Following the recent announcement from President Obama that the United States will honor a promise to withdraw troops from Iraq (a promise first made by former President George W. Bush) by the end of the year, continuing to support our troops as they return home becomes more important than ever – especially considering the difficult economic climate they will return to.

“That is a big concern,” said Moran, who worries about returning soldiers gaining employment once they find their way back home. Of course, notes Moran, many troops still fight for our country in Afghanistan and continue to deserve our support. But as for those on their way back to the states, “I know personally some of the moms that have had children returning home, and those kids are having difficulty finding work.”

Assimilating back into civilian life, even during the best of times, can be a difficult transition for veterans of our armed forces. In climates such as these, however, support and understanding is all the more important.

Fortunately, there are a variety of resources throughout the Capital District for veterans to take advantage of once they return. On Friday, November 11, the SUNY Adirondack Office of Enrollment Management is hosting a veterans admission information session from 10 a.m. – noon. Located at the Warren Hall, New York State Veterans Affairs Counselor Harry Candee will meet with prospective students, discussing with them the GI Bill’s benefits and goals. Individuals attending are asked to bring a copy of their DD214 and an official copy of their high school transcript (sealed in an envelope), or a copy of their GED. Students will be admitted to the college instantly. Call (518) 743-2264 for more details.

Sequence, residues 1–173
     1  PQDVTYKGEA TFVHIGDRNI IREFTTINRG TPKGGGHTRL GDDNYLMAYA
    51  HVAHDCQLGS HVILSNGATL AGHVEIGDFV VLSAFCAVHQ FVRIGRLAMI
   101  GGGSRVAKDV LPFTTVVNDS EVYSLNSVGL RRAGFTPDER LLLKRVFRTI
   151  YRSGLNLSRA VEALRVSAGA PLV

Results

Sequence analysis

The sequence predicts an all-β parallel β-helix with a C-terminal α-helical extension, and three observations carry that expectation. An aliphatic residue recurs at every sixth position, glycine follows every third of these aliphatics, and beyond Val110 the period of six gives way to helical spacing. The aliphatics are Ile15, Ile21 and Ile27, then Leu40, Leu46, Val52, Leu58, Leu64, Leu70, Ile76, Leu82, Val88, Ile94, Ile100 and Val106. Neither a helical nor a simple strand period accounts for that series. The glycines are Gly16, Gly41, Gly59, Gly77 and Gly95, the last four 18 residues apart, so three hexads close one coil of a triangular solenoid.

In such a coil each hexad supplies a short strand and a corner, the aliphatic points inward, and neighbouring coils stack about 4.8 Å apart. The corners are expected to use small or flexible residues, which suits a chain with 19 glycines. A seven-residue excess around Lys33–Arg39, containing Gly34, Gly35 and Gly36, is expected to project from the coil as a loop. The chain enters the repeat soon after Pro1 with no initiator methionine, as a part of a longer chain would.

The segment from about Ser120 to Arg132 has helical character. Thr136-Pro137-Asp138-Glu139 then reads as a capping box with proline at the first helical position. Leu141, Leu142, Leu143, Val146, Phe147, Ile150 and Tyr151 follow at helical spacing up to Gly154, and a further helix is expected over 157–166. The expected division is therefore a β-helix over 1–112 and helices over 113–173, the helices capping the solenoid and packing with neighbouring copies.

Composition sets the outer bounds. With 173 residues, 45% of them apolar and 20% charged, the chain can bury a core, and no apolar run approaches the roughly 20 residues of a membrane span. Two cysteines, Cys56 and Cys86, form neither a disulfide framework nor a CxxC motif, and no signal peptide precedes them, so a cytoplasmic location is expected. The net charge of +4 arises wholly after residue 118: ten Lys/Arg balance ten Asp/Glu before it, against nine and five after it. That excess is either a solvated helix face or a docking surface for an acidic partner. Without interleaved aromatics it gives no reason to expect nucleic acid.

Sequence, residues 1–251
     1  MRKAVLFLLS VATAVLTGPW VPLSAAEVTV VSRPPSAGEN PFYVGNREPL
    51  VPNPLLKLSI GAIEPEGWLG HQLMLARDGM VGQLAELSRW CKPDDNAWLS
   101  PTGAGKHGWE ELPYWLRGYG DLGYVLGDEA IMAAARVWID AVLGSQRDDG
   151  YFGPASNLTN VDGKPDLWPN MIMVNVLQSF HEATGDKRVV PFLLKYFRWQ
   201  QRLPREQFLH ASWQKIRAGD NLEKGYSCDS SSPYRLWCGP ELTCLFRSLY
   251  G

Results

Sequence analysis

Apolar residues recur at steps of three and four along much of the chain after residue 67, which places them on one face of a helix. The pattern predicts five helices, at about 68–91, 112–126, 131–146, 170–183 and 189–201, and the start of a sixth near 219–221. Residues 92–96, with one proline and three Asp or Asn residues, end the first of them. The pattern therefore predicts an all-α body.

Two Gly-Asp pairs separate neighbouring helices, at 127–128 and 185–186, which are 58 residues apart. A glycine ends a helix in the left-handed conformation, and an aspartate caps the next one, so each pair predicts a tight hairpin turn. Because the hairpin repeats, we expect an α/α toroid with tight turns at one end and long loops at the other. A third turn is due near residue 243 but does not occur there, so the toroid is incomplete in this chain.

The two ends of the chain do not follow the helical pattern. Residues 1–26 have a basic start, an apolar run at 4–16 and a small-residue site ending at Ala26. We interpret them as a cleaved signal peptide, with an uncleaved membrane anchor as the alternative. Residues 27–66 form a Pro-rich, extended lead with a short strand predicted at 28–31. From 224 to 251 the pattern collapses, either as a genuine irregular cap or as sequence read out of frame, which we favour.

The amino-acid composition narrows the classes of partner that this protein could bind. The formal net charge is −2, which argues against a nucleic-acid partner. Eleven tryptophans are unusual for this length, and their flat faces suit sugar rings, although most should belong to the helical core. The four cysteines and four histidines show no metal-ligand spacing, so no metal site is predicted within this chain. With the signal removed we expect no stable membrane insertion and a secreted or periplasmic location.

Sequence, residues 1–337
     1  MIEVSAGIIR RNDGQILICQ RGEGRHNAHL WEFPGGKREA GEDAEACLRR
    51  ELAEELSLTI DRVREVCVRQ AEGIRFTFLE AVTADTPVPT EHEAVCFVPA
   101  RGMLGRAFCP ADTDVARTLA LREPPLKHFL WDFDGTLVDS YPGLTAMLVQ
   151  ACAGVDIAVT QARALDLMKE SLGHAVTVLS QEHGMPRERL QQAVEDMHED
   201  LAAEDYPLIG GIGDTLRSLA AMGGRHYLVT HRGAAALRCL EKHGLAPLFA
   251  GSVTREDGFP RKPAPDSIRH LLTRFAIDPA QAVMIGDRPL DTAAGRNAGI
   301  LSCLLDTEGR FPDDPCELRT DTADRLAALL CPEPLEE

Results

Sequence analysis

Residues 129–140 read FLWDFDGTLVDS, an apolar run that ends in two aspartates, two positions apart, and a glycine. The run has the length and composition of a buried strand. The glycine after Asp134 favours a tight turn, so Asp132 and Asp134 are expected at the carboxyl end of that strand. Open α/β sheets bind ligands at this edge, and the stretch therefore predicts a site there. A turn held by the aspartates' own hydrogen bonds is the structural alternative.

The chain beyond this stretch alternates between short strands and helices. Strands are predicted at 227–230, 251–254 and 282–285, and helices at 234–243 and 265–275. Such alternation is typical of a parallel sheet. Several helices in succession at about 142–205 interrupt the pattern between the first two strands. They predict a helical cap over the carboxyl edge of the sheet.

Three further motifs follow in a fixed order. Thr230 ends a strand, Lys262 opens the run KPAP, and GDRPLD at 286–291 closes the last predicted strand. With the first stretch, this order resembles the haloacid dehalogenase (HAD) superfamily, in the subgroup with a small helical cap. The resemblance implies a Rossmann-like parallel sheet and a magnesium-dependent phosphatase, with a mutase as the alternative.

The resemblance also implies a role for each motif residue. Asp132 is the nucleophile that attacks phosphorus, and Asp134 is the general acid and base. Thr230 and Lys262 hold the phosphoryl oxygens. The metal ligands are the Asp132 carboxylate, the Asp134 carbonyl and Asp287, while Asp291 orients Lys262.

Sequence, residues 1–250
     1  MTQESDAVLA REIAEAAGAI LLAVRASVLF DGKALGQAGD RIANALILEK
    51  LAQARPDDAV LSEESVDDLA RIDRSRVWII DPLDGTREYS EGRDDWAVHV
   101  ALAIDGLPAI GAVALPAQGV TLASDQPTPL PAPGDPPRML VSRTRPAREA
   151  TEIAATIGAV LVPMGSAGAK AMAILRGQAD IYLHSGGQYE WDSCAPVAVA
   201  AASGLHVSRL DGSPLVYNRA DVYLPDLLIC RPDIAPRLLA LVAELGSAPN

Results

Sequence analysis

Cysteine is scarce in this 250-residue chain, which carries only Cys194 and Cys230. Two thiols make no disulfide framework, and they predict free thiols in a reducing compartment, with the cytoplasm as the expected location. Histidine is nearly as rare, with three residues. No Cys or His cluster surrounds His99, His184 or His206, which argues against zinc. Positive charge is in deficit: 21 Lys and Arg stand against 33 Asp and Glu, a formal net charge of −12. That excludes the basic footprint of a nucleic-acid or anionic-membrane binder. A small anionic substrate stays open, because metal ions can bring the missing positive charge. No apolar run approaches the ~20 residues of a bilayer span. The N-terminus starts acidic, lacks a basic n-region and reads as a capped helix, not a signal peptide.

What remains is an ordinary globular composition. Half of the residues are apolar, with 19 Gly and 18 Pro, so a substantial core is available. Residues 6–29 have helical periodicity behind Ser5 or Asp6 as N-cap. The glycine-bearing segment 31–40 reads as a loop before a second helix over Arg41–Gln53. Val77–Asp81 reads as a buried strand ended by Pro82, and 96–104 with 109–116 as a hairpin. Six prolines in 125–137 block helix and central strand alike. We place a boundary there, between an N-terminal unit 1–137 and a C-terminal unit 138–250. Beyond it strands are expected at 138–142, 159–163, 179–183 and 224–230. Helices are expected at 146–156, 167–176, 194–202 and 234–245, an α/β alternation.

In Albany, the U.S. Chamber of Commerce and the Albany-Colonie Regional Chamber of Commerce is co-hosting “Hiring our Heroes,” Wednesday, November 16 from 1 – 4 p.m. at the American Legion Zaloga Post 1520, 4 Everett Rd. Extension in Albany. Veterans and their spouses in need of employment are invited to attend. Instructions are to “dress to impress,” and to bring copies of your resume. Those hoping to attend are asked to pre-register by sending their name, address, phone number and email address to This email address is being protected from spambots. You need JavaScript enabled to view it..

There are also many different programs available through the Veterans Affairs bureaus scattered throughout the state, which work to help veterans find employment, receive benefits, get the proper job training and more. Visit www.va.gov to learn more.

To support the Holiday Troop Drive, please visit the Center Court at Colonie Center Saturday from 10 a.m. – 8 p.m., or Sunday from 10 a.m. – 6 p.m. Albany County Executive Mike Breslin will attend as a guest speaker noon on Saturday, and Congressman Chris Gibson will speak noon on Sunday. The Blue Star Mothers organization hopes to send 700 freedom boxes, filled with items donated over the weekend, to our troops overseas.